Re: [OPE-L] Marx: In Our Time

From: michael a. lebowitz (mlebowit@SFU.CA)
Date: Mon Jul 25 2005 - 22:31:12 EDT

At 13:02 23/07/2005, you wrote:
>---------------------------- Original Message ----------------------------
>Subject: Marx: In Our Time
>From:    "Jurriaan Bendien" <>
>Date:    Thu, July 21, 2005 4:18 pm
>Well comrades, don't get me wrong. I am personally not anti-philosophy, I am
>*pro-philosophy*; it gave me more intellectual freedom than I ever thought
>possible; consequently I believe in freedom for philosophy.
>Push come to shove, I might even argue that philosophical preoccupations are
>part of human nature, to the extent that *all* people ask "general questions
>about man and world" at some time or other. The more the working classes
>philosophize, the better it is really, in these days of professional
>cretinism, although if that is all they do, then we're not much further
>ahead either.
>Michael Lebowitz's reference to Marx/Dietzgen is apt. But I think I am
>correct in saying, as a generalization, that Marx himself believed the scope
>of philosophy was drastically reduced and supplanted by the modern sciences
>and empirical/practical investigation. This is proved incidentally by the 14
>January, 1858 letter by Marx itself, I think it goes like this:
>"...I am getting some nice developments. For instance, I have thrown over
>the whole doctrine of profit as it has existed up to now. In the method of
>treatment, in fact by mere accident I have again glanced through Hegel's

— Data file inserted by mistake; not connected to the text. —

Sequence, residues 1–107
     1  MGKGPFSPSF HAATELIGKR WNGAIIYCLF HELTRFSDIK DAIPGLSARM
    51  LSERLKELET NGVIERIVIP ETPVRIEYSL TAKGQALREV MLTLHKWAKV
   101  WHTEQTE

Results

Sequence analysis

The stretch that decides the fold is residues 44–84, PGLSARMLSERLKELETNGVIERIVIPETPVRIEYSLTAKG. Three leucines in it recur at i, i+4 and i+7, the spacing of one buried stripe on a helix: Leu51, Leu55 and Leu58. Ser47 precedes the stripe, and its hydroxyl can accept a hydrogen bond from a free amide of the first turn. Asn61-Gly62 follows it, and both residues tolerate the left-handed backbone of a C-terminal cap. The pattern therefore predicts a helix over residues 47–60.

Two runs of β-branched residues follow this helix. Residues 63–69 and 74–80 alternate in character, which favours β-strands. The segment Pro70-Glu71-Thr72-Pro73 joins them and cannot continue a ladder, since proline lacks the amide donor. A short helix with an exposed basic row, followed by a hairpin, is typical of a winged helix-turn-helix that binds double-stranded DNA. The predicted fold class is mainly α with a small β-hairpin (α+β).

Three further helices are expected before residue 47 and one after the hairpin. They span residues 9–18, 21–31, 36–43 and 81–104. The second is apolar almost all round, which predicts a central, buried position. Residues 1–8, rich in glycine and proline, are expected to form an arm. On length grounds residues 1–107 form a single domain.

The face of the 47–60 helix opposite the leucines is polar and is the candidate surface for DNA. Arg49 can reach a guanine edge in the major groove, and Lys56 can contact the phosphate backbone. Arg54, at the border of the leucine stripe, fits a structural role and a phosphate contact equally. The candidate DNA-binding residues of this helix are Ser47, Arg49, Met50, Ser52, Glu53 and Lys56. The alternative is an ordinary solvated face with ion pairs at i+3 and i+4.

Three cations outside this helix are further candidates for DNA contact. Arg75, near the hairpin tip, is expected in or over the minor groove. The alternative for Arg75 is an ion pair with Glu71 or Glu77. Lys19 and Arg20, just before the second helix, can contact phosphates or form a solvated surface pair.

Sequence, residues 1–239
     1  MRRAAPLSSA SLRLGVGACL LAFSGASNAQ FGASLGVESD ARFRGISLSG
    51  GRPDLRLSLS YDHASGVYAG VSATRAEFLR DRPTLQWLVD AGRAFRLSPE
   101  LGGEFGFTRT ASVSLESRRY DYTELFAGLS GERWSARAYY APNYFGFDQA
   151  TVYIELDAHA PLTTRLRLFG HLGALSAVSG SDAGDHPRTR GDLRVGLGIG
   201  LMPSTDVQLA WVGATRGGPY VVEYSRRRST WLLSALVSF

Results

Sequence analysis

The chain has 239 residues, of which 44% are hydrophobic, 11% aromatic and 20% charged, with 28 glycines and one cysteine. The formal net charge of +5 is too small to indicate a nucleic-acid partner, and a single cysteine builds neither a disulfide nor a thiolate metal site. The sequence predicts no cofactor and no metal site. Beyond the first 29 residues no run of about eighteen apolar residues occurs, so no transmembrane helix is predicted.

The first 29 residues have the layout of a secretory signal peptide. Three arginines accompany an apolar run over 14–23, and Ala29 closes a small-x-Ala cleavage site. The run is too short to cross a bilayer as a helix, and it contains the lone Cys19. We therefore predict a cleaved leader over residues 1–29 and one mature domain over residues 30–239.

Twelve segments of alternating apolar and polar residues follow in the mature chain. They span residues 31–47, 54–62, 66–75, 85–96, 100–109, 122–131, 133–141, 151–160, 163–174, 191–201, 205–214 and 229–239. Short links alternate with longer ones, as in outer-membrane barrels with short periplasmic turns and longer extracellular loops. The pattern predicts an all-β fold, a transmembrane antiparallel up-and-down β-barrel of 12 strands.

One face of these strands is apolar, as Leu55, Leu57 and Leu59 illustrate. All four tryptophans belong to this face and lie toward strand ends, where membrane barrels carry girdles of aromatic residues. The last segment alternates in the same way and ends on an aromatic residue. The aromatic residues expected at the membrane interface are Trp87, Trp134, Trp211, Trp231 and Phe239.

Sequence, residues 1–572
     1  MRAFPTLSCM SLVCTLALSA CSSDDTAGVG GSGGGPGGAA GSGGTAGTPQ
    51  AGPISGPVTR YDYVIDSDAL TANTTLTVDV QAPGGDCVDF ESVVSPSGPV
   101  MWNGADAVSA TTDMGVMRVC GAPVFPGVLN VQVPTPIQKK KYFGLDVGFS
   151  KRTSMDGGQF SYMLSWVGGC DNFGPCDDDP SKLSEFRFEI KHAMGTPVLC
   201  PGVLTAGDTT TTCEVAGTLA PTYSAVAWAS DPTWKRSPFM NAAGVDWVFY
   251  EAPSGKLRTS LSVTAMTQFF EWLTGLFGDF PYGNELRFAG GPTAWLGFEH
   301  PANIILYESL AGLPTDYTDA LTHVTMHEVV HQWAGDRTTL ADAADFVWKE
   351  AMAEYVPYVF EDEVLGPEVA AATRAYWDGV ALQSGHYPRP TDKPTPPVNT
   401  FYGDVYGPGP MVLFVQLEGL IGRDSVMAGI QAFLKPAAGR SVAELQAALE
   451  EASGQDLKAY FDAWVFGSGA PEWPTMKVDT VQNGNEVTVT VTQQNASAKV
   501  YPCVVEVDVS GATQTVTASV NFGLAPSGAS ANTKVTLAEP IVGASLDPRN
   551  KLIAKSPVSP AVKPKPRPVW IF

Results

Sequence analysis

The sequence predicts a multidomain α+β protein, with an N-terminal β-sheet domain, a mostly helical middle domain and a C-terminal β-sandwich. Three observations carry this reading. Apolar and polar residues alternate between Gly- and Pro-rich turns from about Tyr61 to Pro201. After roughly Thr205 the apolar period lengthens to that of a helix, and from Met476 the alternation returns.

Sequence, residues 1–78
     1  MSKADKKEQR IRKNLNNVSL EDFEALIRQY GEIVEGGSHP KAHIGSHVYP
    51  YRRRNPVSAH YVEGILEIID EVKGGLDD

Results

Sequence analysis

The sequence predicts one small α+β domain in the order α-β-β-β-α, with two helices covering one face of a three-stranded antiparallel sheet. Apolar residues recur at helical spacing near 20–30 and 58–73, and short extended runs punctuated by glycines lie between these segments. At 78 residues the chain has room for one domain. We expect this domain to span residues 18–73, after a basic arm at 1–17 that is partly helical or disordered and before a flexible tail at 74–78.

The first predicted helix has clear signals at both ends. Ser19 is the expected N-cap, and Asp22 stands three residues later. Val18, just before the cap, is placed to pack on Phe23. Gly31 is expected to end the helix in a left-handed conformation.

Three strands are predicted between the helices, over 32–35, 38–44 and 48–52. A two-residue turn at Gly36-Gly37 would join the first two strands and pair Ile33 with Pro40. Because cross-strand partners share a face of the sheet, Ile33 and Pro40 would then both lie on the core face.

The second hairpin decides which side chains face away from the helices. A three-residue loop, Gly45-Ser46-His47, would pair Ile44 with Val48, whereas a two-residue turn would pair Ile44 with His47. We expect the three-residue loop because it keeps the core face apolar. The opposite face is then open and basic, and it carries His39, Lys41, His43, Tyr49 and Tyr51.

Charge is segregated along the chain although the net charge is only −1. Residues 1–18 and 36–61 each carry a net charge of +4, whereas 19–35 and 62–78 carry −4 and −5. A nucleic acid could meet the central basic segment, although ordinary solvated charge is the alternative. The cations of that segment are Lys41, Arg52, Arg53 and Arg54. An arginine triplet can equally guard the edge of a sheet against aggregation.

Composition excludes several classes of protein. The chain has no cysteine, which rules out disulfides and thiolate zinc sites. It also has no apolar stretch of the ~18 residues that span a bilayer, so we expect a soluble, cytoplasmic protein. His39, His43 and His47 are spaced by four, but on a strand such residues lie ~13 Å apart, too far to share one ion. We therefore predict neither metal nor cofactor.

>Logic has been of great service to me--Freiligrath found some volumes of
>Hegel which originally belonged to Bakunin and sent them to me as a present.
>If there should ever be time for such work again, I should greatly like to
>make accessible to the ordinary human intelligence, in  two or three
>printer's sheets, what is rational in the method which Hegel discovered but
>at the same time
>enveloped in mysticism.... What do you say to friend Jones?""
>In other words, there was a problem, and there was something rational in the
>mysticism, but it could be condensed in a few "sheets", and whether that was
>an instance of *philosophy* is a moot point.

'Sheets' were printer's sheets, and my understanding is that these
amounted to 16 printed pages; thus, 32- 48 pages in print, which
would have been quite a nice introduction to dialectical thought.

Michael A. Lebowitz
Professor Emeritus
Economics Department
Simon Fraser University
Burnaby, B.C., Canada V5A 1S6

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